Budget investment in digital economy welcome, but we must include everyone
Budget announcements show progress, but more needs to be done to close the digital divide.
Good Things Foundation Australia welcomes the 2021 Federal Budget’s focus on digital health and the digital economy. However, there is still a need for a national digital inclusion strategy and community-led solutions to ensure no Australian is left behind.
The Federal Budget allocated $1.2b towards the Digital Economy Strategy, recognising the importance of digital technology in the nation’s economic recovery from the COVID-19 pandemic. Funding has also been committed to support job seekers to gain foundational digital skills, expand digital mental health initiatives, continue telehealth measures, and support women transitioning back into employment.
“It is great that support has been given to these initiatives and that the government has outlined a vision for creating a leading digital economy. However, we still lack a clear strategy to ensure 100% digital inclusion,” said Jess Wilson, National Director Good Things Foundation Australia.
Over 2.5 million Australians are not online and many more have limited digital skills and confidence. This means millions of Australians have limited opportunities to find and keep work, access vital health services, find reliable information online, and stay connected with friends and family. With government services increasingly moving online and being updated as a result of this Budget, those at risk of being left behind and the community organisations that support them must be part of the solution.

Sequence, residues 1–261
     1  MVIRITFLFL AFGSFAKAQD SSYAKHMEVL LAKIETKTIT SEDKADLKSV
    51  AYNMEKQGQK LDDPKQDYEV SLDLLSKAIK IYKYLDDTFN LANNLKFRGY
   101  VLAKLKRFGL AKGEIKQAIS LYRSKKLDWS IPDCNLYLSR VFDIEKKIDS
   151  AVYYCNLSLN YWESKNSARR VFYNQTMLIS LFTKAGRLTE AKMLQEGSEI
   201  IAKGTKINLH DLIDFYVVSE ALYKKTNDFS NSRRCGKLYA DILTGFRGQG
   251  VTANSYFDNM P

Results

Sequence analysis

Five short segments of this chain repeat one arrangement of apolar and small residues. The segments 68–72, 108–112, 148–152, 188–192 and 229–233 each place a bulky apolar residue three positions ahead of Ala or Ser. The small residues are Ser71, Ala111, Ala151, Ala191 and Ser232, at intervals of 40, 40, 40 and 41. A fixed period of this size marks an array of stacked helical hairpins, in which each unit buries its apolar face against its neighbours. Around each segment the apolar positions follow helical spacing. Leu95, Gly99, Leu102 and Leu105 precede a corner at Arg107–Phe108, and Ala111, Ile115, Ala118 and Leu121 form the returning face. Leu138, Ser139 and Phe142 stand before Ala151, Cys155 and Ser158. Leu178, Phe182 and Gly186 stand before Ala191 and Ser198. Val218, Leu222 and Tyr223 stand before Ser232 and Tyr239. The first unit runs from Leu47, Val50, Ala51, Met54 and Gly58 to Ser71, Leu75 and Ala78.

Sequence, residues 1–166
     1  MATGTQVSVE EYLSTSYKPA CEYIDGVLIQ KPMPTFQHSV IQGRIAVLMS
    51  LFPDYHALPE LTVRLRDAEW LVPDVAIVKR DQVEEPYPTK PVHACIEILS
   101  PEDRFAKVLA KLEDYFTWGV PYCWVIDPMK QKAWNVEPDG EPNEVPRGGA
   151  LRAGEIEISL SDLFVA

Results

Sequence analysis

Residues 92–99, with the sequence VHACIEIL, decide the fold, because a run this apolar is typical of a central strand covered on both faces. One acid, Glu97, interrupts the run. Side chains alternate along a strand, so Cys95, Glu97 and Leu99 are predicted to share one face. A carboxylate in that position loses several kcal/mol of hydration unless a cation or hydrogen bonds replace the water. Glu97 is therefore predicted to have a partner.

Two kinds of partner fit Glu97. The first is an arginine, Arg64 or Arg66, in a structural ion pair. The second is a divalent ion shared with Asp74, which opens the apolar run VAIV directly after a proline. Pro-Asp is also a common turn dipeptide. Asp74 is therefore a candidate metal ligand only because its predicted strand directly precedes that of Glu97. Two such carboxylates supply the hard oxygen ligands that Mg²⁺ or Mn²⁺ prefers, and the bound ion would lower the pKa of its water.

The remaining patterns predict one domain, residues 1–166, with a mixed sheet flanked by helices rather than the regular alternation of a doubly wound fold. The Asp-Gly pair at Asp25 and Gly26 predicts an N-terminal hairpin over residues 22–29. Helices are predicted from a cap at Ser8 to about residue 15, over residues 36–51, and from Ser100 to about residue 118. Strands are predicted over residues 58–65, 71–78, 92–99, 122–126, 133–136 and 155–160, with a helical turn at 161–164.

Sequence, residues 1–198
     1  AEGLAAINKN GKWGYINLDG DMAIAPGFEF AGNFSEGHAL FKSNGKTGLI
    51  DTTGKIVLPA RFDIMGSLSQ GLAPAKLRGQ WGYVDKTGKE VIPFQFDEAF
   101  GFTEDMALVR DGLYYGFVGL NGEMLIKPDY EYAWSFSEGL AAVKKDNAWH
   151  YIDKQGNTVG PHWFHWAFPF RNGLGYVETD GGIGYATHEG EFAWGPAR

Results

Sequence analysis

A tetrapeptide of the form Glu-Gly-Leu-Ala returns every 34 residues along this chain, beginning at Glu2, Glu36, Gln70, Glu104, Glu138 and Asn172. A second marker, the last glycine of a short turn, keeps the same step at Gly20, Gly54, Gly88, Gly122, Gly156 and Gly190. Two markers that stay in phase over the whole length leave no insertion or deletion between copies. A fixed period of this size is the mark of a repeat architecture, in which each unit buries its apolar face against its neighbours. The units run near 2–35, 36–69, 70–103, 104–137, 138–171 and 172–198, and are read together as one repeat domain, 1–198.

“We recommend that newly-funded digital transformation measures include the community-sector and that new platforms are co-designed with people accessing them to ensure those most at risk of digital exclusion can fully participate in these new initiatives,” said Jess.
Our Federal Pre-Budget Submission highlighted a number of areas where urgent community-led support is needed to reduce the risk of widening Australia’s digital divide. Our Pre-Budget recommendations are based on evidence that nationally coordinated, community-based digital literacy programs work in improving foundational digital skills, increase social connectedness, and create significant social return on investment.
“This latest funding is a step in the right direction, but for Australia to be a leading digital economy we need to get the basics right. The Australian Government needs to ensure all Australians have the digital skills they need for life and work,” said Jess.